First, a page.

OSA Logo LED device seems to have come into the forefront for treating skin cancer. Researchers from the University of California, Irvine (UC Irvine) assert that employment of LEDs can boost photodynamic therapy (PDT), a technique for treating cancer. In the process of PDT, photosensitizing chemicals absorbing light are probably injected into a tumor and then exposed to light.

It is assumed that generation of oxygen radicals from the light energy helps chemicals to destroy cancer cells. The U.S. Food and Drug Administration (FDA) have apparently approved PDT in treating esophageal and lung cancer. A major obstacle that scientists are currently facing with the new LED device is the lack of a detailed imaging technique to target and assess the effectiveness of PDT. With the help of a spatial frequency domain imaging, a novel device with an array of five different colors of LEDs has been introduced. This device probably illuminates skin with distinct intensity patterns. It is suspected that the intensity patterns alter on the basis of the tissue structure and pigments in the skin. Accurate models of light propagation may produce images that reveal the biochemistry of the tissue.

Rolf Saager, working in the lab of Anthony Durkin at the Beckman Laser Institute at UC Irvine, affirmed, “Through this imaging modality, it is now possible to assess how the therapeutic light will travel throughout the affected tissue, quantify the drug present within the lesion and monitor its efficacy during treatment.”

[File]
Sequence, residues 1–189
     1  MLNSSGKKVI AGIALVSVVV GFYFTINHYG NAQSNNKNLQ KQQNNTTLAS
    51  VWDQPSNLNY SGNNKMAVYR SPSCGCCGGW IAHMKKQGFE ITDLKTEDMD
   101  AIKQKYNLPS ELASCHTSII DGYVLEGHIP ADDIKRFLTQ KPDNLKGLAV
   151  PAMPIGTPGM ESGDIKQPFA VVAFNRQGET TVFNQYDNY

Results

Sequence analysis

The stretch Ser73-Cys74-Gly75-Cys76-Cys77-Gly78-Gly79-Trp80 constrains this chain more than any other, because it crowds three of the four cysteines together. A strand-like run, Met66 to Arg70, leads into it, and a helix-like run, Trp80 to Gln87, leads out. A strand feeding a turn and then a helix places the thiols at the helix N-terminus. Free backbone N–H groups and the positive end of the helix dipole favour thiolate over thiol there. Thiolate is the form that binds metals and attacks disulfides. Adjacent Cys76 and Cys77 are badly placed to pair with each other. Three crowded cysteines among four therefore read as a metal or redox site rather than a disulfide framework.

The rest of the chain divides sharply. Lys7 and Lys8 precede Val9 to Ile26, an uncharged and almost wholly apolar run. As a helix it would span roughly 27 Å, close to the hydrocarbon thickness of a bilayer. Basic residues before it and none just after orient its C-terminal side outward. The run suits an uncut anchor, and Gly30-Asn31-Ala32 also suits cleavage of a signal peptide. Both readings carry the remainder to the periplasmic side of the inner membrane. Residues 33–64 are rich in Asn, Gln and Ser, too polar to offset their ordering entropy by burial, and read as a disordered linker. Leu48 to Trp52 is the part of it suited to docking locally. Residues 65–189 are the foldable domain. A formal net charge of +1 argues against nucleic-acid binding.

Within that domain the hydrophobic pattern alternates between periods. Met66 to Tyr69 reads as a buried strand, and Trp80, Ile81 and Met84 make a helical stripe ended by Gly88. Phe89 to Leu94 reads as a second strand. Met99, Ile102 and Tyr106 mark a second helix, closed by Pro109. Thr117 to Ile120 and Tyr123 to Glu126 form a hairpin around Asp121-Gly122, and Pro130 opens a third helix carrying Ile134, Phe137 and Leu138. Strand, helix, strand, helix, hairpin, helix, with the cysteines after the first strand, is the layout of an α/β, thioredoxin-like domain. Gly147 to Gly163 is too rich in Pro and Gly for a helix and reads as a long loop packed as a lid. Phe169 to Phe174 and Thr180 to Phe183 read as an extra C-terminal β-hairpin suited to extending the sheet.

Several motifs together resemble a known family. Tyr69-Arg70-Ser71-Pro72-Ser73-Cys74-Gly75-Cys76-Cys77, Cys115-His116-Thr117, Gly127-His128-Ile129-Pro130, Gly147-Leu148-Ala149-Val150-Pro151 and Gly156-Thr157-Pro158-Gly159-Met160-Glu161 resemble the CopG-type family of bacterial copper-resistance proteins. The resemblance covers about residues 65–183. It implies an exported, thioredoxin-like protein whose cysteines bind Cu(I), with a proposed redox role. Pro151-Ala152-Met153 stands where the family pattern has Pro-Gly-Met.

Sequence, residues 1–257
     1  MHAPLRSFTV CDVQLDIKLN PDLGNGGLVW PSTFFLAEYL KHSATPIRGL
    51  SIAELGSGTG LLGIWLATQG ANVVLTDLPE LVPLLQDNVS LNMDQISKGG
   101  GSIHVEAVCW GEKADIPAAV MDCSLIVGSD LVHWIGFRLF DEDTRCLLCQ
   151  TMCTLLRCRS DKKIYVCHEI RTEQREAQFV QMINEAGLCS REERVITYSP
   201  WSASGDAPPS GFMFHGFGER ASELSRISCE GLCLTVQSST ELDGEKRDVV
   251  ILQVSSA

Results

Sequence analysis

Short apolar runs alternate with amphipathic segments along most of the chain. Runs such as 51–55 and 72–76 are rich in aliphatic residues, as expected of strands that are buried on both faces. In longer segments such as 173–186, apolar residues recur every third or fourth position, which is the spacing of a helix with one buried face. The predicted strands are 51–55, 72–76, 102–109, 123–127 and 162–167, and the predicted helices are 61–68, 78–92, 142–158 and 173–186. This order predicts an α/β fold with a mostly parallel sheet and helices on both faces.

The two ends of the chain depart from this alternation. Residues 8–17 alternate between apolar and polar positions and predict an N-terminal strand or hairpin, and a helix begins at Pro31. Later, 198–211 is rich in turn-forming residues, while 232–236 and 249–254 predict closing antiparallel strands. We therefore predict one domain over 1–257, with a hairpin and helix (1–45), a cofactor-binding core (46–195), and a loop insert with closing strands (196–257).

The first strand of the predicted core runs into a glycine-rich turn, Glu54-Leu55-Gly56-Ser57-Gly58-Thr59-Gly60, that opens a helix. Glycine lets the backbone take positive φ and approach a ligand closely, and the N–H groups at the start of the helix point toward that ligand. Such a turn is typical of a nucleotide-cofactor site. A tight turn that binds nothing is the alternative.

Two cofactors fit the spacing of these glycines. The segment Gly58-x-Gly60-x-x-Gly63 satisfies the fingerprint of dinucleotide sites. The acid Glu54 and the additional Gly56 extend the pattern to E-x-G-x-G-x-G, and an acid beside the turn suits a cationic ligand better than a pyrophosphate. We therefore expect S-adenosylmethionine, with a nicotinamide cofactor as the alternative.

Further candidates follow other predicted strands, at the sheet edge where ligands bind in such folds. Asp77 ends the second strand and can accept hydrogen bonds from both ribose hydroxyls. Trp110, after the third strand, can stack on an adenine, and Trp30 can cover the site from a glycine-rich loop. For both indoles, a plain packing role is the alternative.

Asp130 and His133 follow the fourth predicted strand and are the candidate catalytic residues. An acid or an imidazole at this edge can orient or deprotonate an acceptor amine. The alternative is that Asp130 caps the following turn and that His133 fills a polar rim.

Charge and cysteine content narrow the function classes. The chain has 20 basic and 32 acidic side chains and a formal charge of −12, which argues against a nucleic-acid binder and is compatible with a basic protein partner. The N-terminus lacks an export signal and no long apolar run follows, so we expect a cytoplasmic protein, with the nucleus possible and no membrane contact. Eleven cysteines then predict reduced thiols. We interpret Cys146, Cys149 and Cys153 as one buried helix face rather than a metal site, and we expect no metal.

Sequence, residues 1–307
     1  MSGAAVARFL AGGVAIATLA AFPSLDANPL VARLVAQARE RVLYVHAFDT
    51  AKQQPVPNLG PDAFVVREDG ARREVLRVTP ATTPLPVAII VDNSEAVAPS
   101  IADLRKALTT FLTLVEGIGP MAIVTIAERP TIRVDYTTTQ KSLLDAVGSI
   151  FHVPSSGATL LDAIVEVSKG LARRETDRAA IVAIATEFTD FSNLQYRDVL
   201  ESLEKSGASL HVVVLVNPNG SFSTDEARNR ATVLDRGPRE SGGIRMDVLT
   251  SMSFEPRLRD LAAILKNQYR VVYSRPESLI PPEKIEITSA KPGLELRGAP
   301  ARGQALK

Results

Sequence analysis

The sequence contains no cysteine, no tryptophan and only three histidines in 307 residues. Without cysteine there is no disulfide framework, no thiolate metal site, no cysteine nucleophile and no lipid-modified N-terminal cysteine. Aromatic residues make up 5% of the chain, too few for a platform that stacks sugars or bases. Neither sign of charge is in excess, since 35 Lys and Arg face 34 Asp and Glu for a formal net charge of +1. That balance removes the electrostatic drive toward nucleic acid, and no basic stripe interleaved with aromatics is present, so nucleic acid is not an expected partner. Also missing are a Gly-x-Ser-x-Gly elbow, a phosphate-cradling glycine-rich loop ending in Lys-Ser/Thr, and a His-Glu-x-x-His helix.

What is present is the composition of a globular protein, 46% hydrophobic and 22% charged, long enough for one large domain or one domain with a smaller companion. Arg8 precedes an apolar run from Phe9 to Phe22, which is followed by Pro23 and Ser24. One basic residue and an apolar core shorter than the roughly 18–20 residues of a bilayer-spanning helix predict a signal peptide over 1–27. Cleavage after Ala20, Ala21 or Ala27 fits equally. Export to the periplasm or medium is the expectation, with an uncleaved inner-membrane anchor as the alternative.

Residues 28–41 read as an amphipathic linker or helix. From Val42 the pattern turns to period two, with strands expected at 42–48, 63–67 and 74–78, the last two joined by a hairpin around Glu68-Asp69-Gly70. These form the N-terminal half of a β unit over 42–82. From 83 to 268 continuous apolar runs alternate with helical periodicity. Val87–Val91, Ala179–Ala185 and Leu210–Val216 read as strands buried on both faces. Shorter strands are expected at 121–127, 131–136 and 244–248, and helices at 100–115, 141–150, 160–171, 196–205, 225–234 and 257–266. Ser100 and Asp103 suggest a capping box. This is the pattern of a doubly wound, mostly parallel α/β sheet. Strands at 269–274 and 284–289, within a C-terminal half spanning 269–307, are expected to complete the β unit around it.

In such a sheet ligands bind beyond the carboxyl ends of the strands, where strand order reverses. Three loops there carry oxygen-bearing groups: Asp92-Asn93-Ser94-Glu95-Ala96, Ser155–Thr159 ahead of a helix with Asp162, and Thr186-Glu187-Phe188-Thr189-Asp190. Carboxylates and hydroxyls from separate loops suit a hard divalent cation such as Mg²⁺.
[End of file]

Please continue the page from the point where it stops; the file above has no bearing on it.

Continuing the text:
In order to examine spatial frequency domain imaging system, experts imaged a small population of skin cancers before treatment to group the variability among subjects and within the lesions themselves. The process took around 5-10 seconds and developed images with a resolution of 30 microns, probably unraveling spatially resolved maps of the optical properties of the lesions, tissue oxygenation and quantitative distribution of the photosensitizing drug. This imaging technique may put forth an improved map for targeting and optimizing photodynamic therapy for basal cell carcinoma, the most common type of skin cancer. Additional research will be triggered for allowing the therapeutic aspects of the instrument and to examine the tissue dynamics during PDT treatment regimens.

The research will be at the Optical Society’s (OSA) 94th annual meeting, Frontiers in Optics (FiO) 2010 at the Rochester Riverside Convention Center in Rochester, N.Y., from October 24-28.